A blue and white sleeve vase, rolwagen, Shunzhi period. Estimate £15,000 - 20,000 (€21,000 - 28,000). Photo Bonhams.
The cylindrical body boldly painted around the exterior in wet and dense washes of cobalt blue with a continuous scene of two gentlemen parting at a shore, one accompanied by his attendants, the everted neck with a typical foliage border above two incised double lines at the shoulder. 46cm (18 1/8in) high
Notes: The vase depicts a story set in the twelfth or eleventh century BC, in which King Wen of Zhou sought the advice of the hermit scholar Jiang Ziya, later known as Taigongwang.
According to traditional Chinese historiography, the last king of the Shang dynasty was corrupt and cruel. Jiang Ziya had once served him, but was disillusioned and retired to spend the rest of his days fishing, waiting to serve a new and moral king. It is said that he used no hook at all, believing that the fish would come to him on their own, echoing King Wen.
King Wen of Zhou wished to overthrow the Shang, and so sought talented scholars knowledgeable in the arts of war and administration. When King Wen met Jiang Ziya, he discovered that this white haired fisherman was actually an astute political thinker and military strategist. He thus appointed Jiang Ziya to be his prime minister and gave him the title of 'Taigongwang' (Hope of the Duke of Zhou). With Jiang Taigong's help, the Shang was overthrown and the Zhou dynasty was firmly established.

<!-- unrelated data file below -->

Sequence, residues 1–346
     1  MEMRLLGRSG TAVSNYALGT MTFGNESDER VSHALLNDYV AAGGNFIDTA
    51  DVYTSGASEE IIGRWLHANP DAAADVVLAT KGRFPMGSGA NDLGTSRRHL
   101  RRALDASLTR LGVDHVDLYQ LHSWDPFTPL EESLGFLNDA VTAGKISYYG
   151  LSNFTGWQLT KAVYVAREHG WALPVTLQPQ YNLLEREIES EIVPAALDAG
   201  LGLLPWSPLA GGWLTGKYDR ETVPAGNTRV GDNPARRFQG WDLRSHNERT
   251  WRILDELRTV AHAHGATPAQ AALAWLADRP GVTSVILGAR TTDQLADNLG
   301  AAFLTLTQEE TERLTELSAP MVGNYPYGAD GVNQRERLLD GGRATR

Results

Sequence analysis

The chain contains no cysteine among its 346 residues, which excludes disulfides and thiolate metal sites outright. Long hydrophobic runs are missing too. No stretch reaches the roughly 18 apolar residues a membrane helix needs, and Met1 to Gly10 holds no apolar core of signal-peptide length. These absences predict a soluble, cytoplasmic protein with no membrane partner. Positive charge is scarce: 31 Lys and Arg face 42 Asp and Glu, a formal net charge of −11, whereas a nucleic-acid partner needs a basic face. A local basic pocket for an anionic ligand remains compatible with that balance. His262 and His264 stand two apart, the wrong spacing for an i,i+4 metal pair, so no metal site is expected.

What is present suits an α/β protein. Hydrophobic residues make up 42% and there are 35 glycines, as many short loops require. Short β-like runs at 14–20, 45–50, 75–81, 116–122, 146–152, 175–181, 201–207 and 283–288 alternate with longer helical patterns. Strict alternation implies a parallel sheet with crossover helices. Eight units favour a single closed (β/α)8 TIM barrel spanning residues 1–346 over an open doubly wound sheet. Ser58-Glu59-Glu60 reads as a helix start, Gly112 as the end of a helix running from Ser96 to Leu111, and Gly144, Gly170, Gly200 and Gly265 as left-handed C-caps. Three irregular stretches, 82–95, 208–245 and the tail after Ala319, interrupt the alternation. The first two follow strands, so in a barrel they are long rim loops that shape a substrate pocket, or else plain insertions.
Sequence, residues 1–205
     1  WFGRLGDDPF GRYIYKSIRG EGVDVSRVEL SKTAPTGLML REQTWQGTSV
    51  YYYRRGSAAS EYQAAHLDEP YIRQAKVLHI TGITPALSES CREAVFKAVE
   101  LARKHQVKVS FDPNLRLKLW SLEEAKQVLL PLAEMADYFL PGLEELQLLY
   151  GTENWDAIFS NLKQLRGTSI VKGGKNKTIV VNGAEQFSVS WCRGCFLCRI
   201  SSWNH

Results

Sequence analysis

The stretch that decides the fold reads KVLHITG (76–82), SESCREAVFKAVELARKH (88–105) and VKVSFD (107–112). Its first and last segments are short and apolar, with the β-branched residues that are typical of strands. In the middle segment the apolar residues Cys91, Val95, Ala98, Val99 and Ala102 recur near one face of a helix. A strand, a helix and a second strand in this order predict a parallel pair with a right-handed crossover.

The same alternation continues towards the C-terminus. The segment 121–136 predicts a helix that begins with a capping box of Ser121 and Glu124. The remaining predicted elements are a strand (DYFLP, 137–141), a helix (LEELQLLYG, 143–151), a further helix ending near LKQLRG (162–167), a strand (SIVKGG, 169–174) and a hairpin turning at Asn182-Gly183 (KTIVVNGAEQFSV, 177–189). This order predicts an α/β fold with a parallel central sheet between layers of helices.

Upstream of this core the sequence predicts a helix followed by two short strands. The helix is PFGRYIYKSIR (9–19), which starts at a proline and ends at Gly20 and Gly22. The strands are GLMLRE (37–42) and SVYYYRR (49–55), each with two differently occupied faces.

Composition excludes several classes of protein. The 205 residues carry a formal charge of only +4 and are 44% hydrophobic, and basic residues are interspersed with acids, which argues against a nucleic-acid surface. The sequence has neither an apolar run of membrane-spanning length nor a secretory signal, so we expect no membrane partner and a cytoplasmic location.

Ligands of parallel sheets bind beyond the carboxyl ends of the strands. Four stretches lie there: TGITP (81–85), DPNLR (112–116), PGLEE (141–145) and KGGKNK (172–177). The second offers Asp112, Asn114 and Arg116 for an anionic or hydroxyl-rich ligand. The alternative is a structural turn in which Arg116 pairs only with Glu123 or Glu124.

Such legends from history, of scholars waiting to serve new more morally upright regimes, would have resonated with some scholars justifying the transitional period between the fall of the Ming and the establishment of the Qing, when the current lot was manufactured.
A rolwagen vase with a very similar scene is in the Rijksmuseum, Amsterdam, inv.no. AK-NM-6669.
Bonhams. FINE CHINESE ART, 14 May 2015 10:00 BST -LONDON, NEW BOND STREET